under the FSIA, it need not reach plaintiffs' arguments that defendant should be denied immunity due to the third clause and defendant's alleged waiver of immunity. Rather, the court will next consider defendant's motion to dismiss pursuant to the common law doctrine of forum non conveniens.
FORUM NON CONVENIENS
Dismissal pursuant to forum non conveniens is a determination committed to the sound discretion of the trial court. Piper Aircraft v. Reyno, 454 U.S. 235, 257, 70 L. Ed. 2d 419, 102 S. Ct. 252 (1981). A plaintiff's choice of forum is ordinarily entitled to great deference, particularly when the plaintiff has chosen its home forum. Id. at 255. For purposes of this motion, the court finds that plaintiff is an American corporation, and has thus chosen its home forum. Defendant makes the unsupported assertion that Bosch is a German corporation, but Bosch has provided affidavit testimony that Bosch was incorporated in the United States and is licensed to do business in the State of Illinois.
To overcome plaintiff's forum choice, defendant must demonstrate that the other relevant factors weigh heavily in favor of dismissal in favor of an alternative forum. Id. Those factors are the private interests of the litigants, the relative ease of access to sources of proof, availability of compulsory process for attendance of unwilling witnesses, costs of obtaining attendance of unwilling witnesses, the fairness of the trial, and the enforceability of any judgment. Gulf Oil Co. v. Gilbert, 330 U.S. 501, 508, 91 L. Ed. 1055, 67 S. Ct. 839 (1947).
Defendant compares the forum of Illinois to the alternative forum of "Germany or France." Yet, these are two separate fora, and to convince this court that dismissal on the grounds of forum non conveniens is appropriate, defendant must point to a specific alternative forum which is more appropriate. The court assumes that defendant suggests Germany is the most appropriate forum, as most of its arguments regarding the location of evidence relate to Germany. The court will thus consider whether defendant has demonstrated that the remaining factors weigh heavily in favor of Germany as the most appropriate forum.
The great expense of intercontinental travel, the potential unavailability of compulsory service of process, and the difficulties created by language barriers make the location of witnesses a crucial factor in this case. The court finds that defendants have failed to demonstrate that the location of witnesses favors dismissal.
Defendant points out that the product was damaged in Germany in a trucking accident and witnesses to that accident are located in Germany. However, in a pretrial conference, counsel for defendants admitted that any negligence in that accident is not an issue in this case.
Defendant is apparently liable for any damage to the product, regardless of the details of the accident. As a result, witnesses to the accident are unlikely to be called in this case.
Defendant argues that the contract at issue was negotiated and executed in Germany, and therefore witnesses to the contract are probably located in Germany. This lends some support to defendant's argument. However, the weight given to this consideration is lessened by the fact that the witnesses on this issue are party witnesses.
Counsel for defendant stated in pretrial conference that whether Bosch properly boxed the product will be an issue. The product was boxed in Germany, and this fact weighs in favor of Germany as the appropriate forum. On the other hand, witnesses as to the value of the product and the extent of damage to the product at the time of delivery are probably located in the United States. Consequently, the "location of witnesses" factor does not support transfer.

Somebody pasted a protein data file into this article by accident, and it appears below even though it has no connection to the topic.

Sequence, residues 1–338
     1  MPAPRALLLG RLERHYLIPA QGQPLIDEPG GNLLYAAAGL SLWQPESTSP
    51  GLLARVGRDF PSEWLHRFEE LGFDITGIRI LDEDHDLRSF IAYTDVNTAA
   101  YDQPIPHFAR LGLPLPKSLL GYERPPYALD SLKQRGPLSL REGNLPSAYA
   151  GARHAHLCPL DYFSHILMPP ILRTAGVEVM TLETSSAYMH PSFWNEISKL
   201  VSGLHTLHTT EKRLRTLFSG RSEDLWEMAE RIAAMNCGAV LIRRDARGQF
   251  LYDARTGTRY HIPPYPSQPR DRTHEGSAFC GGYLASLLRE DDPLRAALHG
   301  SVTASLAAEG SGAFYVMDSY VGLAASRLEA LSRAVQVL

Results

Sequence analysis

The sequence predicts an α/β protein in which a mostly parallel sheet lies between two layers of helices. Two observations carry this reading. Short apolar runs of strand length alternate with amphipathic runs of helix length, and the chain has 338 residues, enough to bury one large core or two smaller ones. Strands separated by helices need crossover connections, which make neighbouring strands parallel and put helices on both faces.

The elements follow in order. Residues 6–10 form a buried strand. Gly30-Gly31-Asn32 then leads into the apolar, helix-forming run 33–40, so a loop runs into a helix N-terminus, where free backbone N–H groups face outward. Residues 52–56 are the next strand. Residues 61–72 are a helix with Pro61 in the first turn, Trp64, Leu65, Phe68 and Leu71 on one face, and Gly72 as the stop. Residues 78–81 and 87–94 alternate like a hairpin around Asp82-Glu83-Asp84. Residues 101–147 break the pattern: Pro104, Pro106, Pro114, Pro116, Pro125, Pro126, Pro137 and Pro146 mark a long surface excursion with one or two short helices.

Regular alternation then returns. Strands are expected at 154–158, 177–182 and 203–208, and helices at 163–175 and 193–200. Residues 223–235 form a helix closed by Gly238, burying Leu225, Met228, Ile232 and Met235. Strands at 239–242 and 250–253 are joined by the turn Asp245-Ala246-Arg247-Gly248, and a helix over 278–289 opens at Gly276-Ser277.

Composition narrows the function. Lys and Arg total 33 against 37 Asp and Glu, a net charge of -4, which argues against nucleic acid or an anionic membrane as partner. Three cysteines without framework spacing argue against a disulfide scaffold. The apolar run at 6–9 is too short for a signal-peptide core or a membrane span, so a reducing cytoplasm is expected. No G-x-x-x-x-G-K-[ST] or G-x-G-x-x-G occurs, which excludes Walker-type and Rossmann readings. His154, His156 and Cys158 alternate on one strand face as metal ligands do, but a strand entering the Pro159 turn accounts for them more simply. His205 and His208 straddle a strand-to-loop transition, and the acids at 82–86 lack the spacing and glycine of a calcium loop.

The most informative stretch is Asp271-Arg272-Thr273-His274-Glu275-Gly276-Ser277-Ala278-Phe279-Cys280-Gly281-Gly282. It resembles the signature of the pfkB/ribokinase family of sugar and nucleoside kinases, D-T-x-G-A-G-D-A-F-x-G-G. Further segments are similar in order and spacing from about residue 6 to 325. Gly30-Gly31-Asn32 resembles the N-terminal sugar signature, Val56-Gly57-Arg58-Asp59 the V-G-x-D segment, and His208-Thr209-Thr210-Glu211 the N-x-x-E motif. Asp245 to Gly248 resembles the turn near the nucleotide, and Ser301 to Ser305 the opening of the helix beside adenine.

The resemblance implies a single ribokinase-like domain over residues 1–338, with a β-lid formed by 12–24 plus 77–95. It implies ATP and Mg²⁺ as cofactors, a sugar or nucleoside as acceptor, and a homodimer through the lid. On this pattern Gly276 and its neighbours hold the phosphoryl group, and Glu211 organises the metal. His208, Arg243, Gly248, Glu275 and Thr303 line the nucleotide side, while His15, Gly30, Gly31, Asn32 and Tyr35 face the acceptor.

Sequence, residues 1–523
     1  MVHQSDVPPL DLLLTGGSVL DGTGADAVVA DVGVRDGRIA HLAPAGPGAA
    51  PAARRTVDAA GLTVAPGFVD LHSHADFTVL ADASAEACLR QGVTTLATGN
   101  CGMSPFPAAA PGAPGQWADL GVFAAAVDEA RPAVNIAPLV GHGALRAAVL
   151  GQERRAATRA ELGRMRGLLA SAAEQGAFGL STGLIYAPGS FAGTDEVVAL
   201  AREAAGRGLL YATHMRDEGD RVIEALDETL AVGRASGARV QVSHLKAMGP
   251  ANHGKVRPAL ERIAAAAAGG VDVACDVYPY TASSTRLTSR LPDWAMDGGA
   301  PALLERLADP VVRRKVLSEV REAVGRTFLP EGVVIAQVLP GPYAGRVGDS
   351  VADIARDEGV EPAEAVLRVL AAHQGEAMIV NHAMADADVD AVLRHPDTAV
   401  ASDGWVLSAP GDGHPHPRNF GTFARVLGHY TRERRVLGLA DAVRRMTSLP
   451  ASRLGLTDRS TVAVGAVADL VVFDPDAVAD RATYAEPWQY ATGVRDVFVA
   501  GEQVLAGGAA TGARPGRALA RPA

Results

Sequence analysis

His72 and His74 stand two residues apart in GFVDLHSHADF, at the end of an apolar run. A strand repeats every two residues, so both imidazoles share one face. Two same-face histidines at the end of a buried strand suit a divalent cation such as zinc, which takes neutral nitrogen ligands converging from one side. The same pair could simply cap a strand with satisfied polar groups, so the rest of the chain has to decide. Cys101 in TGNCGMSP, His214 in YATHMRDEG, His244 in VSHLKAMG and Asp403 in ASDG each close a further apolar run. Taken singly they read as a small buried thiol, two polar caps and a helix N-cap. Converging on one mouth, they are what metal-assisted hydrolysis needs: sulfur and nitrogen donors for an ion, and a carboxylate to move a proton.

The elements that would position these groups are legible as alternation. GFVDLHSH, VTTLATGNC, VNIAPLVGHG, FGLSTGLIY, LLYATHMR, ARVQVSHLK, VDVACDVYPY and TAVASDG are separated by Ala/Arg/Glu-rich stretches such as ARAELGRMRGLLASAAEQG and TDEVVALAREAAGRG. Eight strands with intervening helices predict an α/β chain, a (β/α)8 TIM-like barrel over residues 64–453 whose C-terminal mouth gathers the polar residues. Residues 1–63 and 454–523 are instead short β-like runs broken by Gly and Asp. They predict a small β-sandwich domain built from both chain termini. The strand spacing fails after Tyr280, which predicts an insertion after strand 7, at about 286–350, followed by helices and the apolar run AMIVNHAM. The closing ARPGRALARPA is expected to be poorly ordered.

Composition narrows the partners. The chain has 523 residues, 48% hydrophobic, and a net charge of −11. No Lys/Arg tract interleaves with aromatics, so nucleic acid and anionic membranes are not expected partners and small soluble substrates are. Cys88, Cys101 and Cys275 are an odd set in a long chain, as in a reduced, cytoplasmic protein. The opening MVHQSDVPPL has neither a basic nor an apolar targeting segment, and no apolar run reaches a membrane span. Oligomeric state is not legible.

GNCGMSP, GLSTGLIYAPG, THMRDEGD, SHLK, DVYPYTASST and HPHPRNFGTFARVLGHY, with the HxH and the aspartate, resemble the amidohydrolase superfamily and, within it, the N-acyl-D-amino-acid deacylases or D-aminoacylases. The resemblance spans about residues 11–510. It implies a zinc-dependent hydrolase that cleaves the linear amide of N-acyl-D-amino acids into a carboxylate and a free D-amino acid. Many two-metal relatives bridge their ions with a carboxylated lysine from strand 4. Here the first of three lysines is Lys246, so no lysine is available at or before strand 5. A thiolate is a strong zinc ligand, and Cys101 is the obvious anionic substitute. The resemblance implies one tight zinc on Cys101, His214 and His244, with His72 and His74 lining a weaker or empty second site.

Turning to other factors, the court finds that the relative ease of access to documents does not favor transfer. The air waybill at issue is in English, and no other relevant documents have been discussed in the memoranda.
Defendant argues that dismissal is appropriate because to the extent that the Warsaw Convention is not applicable, French or German law would govern this case. However, it appears that the Warsaw Convention may supply all the relevant law for this case. Moreover, even if "French or German" law were applicable, defendant has not specified which would apply. If French law were applicable, the applicable law would be foreign to either proposed forum. Therefore, the choice of law factor has not been shown to favor dismissal.
Defendant argues that the "fairness of the trial" factor favors dismissal, because defendant wishes to bring a third party action against the trucking company, and may be unable to do so if this action is tried in the United States. Yet, defendant could bring a separate action in Europe, and has presented no evidence that such a lawsuit would be unduly duplicative of this action. On the contrary, it would seem that the negligence of the trucking company would be a central issue in that action, an issue not relevant to this action.
The remaining factors do not favor dismissal. Defendant urges the court to consider the congested docket of this district, yet has failed to provide evidence that Germany's docket is less congested. Furthermore, the parties agree that the "enforceability of any judgment" factor favors neither forum. Finally, the fact that apparently neither party is German has some weight against selection of Germany as the most appropriate forum.
In sum, the Federal Sovereign Immunities Act does not confer immunity on defendant Air France in this case. Moreover, defendant has failed to demonstrate that a significantly more appropriate forum for litigation of this matter exists. Therefore, the motion to dismiss is denied.
IT IS SO ORDERED.
DATED: May 5, 1989